Sharonville is home to Princeton High School, the secondary school of the Princeton City Schools, a consolidated school district encompassing the communities of Evendale, Glendale, Lincoln Heights, Sharonville, Springdale and Woodlawn. Other schools within Sharonville include Princeton Community Middle School, Sharonville Elementary School, Stewart Elementary School, Heritage Hill Elementary School and St. Michael Elementary school. Also, Scarlet Oaks (one of the four campuses of the Great Oaks Institute of Technology and Career Development) is located in Sharonville.

Sharonville is served by a branch of the Public Library of Cincinnati and Hamilton County. [16]

Economy

Ford Motor Company owns the Sharonville Transmission plant, which covers roughly one square mile.

Sharonville is also the home of Gorilla Glue's headquarters.

Notable people

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References

  1. "Hamilton County Officials 2016" (PDF). Hamilton County Board of Elections. 27 January 2016. p. 22. Retrieved 1 February 2016.
  2. "Staff Directory • Sharonville, OH • CivicEngage".
  3. "Staff Directory • Sharonville, OH • CivicEngage". Archived from the original on 2021-11-23. Retrieved 2016-12-09.
  4. "ArcGIS REST Services Directory". United States Census Bureau. Retrieved September 20, 2022.
  5. 1 2 "US Board on Geographic Names". United States Geological Survey. 2007-10-25. Retrieved 2008-01-31.
  6. 1 2 3 "U.S. Census website". United States Census Bureau . Retrieved 2008-01-31.
  7. "Profile of General Population and Housing Characteristics: 2010 Demographic Profile Data (DP-1): Sharonville city, Ohio". United States Census Bureau . Retrieved October 31, 2012.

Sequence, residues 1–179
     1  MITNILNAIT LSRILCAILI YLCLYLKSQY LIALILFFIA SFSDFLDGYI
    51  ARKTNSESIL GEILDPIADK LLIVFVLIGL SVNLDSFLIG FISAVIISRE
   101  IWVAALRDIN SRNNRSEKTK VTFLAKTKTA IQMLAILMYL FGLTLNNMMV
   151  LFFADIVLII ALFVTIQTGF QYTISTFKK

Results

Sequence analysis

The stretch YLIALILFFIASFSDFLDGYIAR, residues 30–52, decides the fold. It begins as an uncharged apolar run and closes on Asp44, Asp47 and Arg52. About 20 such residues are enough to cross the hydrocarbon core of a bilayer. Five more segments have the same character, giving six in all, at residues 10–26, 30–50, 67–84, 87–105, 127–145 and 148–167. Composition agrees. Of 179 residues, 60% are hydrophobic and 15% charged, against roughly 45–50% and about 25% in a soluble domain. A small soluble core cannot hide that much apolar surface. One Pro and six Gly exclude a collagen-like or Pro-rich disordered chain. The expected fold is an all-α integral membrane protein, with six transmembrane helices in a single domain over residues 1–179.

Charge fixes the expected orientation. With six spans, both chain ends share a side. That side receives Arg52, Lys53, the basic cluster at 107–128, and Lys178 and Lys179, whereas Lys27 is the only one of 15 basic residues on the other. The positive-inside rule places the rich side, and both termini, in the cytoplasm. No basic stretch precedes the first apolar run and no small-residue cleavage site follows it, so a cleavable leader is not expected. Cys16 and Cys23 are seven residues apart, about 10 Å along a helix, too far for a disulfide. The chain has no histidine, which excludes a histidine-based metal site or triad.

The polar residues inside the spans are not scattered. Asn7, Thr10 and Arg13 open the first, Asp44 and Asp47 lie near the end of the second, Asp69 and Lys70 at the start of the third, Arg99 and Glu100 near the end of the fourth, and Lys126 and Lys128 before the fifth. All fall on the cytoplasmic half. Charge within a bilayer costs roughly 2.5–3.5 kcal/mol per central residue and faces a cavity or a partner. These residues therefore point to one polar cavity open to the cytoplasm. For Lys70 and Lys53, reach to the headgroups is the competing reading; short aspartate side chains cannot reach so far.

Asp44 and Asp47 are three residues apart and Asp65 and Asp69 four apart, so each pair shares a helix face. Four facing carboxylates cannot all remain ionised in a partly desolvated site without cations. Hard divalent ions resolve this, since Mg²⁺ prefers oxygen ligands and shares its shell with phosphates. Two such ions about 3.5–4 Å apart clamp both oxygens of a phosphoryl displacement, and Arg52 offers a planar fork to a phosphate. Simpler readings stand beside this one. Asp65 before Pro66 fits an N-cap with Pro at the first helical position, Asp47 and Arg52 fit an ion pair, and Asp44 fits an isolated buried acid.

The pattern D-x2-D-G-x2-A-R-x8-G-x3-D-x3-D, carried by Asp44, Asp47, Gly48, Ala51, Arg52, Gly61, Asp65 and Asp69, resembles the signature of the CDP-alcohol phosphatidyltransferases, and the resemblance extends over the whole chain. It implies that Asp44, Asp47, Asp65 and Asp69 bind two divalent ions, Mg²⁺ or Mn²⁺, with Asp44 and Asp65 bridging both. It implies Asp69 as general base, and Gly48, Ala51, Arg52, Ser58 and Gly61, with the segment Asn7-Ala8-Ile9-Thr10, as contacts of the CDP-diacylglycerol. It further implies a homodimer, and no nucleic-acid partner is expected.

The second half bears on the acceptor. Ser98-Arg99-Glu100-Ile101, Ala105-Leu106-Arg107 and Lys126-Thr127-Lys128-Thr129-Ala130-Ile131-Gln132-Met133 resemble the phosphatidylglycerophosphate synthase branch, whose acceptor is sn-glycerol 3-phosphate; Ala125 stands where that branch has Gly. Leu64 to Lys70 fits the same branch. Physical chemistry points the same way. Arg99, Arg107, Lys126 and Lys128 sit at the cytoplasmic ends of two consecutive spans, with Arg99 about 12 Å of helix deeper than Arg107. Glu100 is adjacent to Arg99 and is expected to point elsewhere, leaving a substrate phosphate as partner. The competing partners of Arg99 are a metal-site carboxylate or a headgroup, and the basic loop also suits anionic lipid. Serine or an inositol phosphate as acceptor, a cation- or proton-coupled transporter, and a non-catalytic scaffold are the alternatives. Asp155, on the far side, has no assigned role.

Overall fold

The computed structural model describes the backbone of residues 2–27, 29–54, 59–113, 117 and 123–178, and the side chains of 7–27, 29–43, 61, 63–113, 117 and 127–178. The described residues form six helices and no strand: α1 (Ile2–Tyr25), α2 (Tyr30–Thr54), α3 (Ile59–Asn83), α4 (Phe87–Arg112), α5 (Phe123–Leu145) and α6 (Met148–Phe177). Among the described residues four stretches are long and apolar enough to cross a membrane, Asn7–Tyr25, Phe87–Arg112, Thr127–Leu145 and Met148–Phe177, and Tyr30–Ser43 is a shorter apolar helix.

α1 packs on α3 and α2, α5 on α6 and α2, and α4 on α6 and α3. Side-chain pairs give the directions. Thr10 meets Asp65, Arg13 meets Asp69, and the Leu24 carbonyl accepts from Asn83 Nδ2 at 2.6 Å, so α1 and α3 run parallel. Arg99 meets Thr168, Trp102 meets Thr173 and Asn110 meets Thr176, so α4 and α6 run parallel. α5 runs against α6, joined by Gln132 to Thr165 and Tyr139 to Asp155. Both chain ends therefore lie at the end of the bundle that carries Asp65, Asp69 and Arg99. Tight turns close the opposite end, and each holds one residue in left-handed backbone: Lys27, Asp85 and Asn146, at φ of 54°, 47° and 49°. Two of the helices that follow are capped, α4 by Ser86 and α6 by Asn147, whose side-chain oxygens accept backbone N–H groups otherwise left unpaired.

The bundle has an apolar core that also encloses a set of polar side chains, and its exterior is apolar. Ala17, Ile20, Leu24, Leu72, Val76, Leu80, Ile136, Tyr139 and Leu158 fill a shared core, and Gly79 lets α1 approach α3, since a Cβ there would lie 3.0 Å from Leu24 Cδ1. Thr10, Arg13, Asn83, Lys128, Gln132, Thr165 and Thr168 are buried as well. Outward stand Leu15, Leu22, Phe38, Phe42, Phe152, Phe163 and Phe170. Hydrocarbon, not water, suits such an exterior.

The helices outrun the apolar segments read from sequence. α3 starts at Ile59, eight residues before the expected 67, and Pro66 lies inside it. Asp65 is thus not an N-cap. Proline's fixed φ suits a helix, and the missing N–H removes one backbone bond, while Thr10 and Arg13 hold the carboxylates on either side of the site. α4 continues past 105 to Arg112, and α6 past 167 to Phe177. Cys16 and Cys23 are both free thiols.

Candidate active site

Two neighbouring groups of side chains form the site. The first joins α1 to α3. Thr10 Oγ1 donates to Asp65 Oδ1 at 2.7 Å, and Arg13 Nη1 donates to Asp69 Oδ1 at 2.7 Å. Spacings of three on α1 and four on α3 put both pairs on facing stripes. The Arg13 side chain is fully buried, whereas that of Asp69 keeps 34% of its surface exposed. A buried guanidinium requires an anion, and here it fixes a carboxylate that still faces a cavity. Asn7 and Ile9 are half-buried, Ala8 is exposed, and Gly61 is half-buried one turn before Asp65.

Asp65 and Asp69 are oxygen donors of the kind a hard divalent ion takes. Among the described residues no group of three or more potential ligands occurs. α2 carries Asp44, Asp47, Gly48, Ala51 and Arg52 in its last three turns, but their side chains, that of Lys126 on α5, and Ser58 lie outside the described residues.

8. Karle, Tina (2010). 120 Waterfall Hikes Around Cincinnati Ohio. Lulu.com. p. 19. ISBN   9780557378647 . Retrieved 27 November 2013.
  9. "Sharonville sewer extension gets informal approval". The Cincinnati Post . September 30, 1974. p. 22 via NewsBank. Later, city officials will dedicate a new 10-acre park next to the community center, and the new city flag, designed by Carol Oney, 18, …. The municipal flag will be unfolded for the first time at the dedication. Council selected the winning design after a contest last month.
  10. "US Gazetteer files 2010". United States Census Bureau. Archived from the original on 2012-01-25. Retrieved 2013-01-06.
  11. "Population: Ohio" (PDF). 1930 US Census. U.S. Census Bureau. Retrieved 28 November 2013.
  12. "Number of Inhabitants: Ohio" (PDF). 18th Census of the United States. U.S. Census Bureau. 1960. Retrieved 17 May 2020.
  13. "Ohio: Population and Housing Unit Counts" (PDF). U.S. Census Bureau. Retrieved 22 November 2013.
  14. "Sharonville city, Ohio". census.gov. Retrieved July 6, 2022.
  15. "U.S. Census website". United States Census Bureau . Retrieved 2013-01-06.
  16. "Sharonville Branch". Public Library of Cincinnati and Hamilton County. Retrieved 12 June 2014.